Islands In Virginia That Are Absolute Must Visits

VIRGINIA - In the state of Virginia, there are some great islands to visit.  Whether you're looking for a day out or a vacation, there are several places you can explore. Read on for information on Assateague Island, Chincoteague Island, Fisherman Island, Brown's Island, and more!

Islands In Virginia That Are Absolute Must Visits


Assateague Island

To truly experience the unique nature of this island, you should plan your trip in the late spring or early summer. However, be aware that summers on Assateague Island can be hot and that the island is populated with mosquitoes and biting flies. The sea breezes will keep these insects at bay, but you should pack insect repellent if you plan to spend any time outside.

Assateague Island has several events that are worth your time during the summer. You can watch the 100 Nights of Lights in the evenings, a light show every 20 minutes. In addition to the nightly light show, you can enjoy beach fireworks, held every Wednesday during the summer on nearby Ocean City. In addition, on the last Wednesday of July, the island hosts the annual Pony Swim, a benefit for the local volunteer fire company. If you're interested in interacting with the horses and learning about the island's fascinating history, the Pony Swim is worth a visit.

Chincoteague Island

The island of Chincoteague in Virginia is a beautiful, picturesque place to vacation. This place is home to several unique and exciting attractions, including the annual Pony Swim and Auction. It's also known for its clams, oysters, and wildlife sightings. Whether a nature lover or a history buff, this destination is a must-visit.

The protected area of Chincoteague Island is filled with scenic views, beaches, and hiking trails. The island is also home to bald eagles and wild ponies. If you'd like to take a ride on a horse, you can take a lesson at Queen Hive Farms, where you can take a scenic ride through the woods.

The island also has a 1.4-mile walking trail called the Island Nature Trail. The trail is hard-service and paved, with markers identifying the plant species. Visitors can also visit the Chincoteague Museum for a brief history lesson.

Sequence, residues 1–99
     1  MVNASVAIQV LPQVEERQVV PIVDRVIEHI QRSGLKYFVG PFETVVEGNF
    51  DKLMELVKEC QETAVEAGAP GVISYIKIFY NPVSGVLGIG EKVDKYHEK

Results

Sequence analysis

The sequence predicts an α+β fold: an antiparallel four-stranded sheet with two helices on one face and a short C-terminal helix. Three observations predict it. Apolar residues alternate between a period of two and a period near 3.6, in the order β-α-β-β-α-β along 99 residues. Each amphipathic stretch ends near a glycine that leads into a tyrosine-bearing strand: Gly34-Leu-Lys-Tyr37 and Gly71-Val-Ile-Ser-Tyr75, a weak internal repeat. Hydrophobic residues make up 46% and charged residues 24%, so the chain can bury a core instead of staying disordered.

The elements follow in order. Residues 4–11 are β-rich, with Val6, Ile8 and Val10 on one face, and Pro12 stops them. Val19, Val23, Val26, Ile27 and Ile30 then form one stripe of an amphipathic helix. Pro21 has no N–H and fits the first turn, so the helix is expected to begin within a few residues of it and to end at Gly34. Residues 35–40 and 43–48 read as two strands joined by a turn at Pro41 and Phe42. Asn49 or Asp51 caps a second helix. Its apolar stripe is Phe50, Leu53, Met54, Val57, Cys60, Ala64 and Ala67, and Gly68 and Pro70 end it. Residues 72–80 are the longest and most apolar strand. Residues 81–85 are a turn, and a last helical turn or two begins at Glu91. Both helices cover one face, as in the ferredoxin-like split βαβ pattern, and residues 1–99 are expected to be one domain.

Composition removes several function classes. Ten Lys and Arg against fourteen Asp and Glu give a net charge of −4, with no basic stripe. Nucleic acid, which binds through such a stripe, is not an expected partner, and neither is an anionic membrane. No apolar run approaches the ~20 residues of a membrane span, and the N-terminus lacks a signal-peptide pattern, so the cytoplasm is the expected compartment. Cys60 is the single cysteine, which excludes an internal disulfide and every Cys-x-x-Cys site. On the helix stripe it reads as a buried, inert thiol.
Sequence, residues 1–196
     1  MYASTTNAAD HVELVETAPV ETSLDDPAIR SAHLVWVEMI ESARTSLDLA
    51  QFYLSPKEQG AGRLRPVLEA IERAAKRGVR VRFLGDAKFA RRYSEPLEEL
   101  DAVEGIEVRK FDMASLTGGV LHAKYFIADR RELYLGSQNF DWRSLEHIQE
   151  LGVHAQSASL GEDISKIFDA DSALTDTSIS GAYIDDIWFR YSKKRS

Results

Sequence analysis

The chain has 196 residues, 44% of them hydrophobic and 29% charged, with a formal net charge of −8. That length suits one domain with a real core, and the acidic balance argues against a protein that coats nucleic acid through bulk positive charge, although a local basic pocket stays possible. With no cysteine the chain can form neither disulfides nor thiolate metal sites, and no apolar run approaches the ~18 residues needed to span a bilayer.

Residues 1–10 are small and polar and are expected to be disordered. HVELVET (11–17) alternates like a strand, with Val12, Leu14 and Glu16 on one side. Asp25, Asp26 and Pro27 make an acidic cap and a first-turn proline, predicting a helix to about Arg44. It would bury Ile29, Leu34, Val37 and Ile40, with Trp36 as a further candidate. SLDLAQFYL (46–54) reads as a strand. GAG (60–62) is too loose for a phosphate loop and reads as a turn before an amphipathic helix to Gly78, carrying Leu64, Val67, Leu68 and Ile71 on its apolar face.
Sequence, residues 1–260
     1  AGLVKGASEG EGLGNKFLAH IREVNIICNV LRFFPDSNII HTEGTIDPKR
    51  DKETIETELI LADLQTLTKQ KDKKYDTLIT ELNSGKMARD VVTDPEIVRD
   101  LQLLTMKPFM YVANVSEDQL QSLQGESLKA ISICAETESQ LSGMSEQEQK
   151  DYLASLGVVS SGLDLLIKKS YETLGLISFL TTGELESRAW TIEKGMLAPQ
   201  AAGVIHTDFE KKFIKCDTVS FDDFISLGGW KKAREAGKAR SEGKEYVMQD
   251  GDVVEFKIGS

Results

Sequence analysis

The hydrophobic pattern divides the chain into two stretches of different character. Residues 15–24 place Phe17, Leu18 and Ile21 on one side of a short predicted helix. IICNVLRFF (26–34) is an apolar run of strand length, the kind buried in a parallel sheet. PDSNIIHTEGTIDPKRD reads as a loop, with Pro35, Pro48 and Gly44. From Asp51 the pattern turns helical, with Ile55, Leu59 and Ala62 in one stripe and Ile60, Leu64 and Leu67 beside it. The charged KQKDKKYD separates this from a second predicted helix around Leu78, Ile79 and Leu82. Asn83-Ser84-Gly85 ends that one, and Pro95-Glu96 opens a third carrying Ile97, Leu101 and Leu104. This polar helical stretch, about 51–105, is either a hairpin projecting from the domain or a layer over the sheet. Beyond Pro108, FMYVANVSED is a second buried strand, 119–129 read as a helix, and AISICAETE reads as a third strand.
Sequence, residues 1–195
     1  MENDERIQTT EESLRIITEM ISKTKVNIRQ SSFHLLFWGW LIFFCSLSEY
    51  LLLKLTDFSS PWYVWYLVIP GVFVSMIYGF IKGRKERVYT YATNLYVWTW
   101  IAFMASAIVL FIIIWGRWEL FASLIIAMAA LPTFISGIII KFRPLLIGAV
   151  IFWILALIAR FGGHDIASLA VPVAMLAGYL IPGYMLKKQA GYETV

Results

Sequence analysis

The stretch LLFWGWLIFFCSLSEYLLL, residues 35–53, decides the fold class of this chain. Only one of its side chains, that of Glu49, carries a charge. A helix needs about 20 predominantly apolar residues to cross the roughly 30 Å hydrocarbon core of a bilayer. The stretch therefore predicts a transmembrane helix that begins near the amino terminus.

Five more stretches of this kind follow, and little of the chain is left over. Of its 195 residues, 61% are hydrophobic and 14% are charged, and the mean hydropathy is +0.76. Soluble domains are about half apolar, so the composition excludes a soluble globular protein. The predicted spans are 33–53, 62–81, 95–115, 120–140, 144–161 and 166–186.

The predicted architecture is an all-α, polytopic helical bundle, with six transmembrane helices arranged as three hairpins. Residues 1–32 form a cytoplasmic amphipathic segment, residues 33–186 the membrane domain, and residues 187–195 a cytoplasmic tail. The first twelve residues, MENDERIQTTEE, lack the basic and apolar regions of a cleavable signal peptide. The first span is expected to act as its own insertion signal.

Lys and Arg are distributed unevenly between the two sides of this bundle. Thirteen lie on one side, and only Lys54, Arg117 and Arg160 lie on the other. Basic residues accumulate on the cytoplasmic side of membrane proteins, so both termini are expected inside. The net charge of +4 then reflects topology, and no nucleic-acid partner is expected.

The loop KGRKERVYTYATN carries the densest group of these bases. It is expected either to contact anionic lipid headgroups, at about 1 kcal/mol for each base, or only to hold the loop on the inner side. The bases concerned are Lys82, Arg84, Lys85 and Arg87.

Fisherman Island

If you enjoy birding, Fisherman Island is a must-visit location. The island is located just east of Route 13 and is an excellent spot to catch a glimpse of various bird species. In early fall, you can still catch sight of Black and Least Terns, and you can also see the rare Sandwich Tern. The island is also home to Forster's and Caspian Terns only found here during the early fall.

The southernmost barrier island on the Chesapeake Bay, Fisherman Island, is home to a rich variety of wildlife. Nesting waterbirds and migratory birds use the island as a sanctuary. The island is closed to the public during most of the year when the wildlife is most active, but you can visit the island on specific Saturdays from October through March.

Brown's Island

Brown's Island is a popular public park space in Richmond, Virginia. It is located on the James River's riverfront and has access to the Manchester and Canal Walk neighborhoods. The park was first created as a part of the Haxall Canal in 1789. The park is named after Elijah Brown, who worked at the Confederate States Laboratory. Women and children worked on the island during the Civil War, producing ammunition and other wartime items.

The Headman Statue is a 14-foot statue depicting an African-American boatman. It honors the early contributions of African Americans in Richmond's economy. The boatmen were essential to the canal system, which enabled quicker transportation of raw materials and finished goods around the James River's falls. The statue was designed by Paul DiPasquale and unveiled in November 1993.

Tangier Island

If you love watersports, you can rent a kayak or a golf cart to enjoy the island's waterways and historic sites. The locals are friendly and welcome visitors. The Tangier Island Museum offers a look into the island's history and local culture.

You can see the remains of centuries-old settlements, including the Canaan village. The island was once an inland ridge, isolated from mainland Virginia and the Delmarva Peninsula. The highest portions of the ancient ridge are still above water as barrier islands. But today, their survival is threatened by rising sea levels.

The island is home to churches and quaint businesses, including one that serves breakfast. Parents don't worry about their kids riding bicycles on the streets of Tangier; the sunsets are enough to make you forget you are on vacation. The small town's economy has long relied on oystering, fishing, and crabbing. There are two churches and three cafes on the island.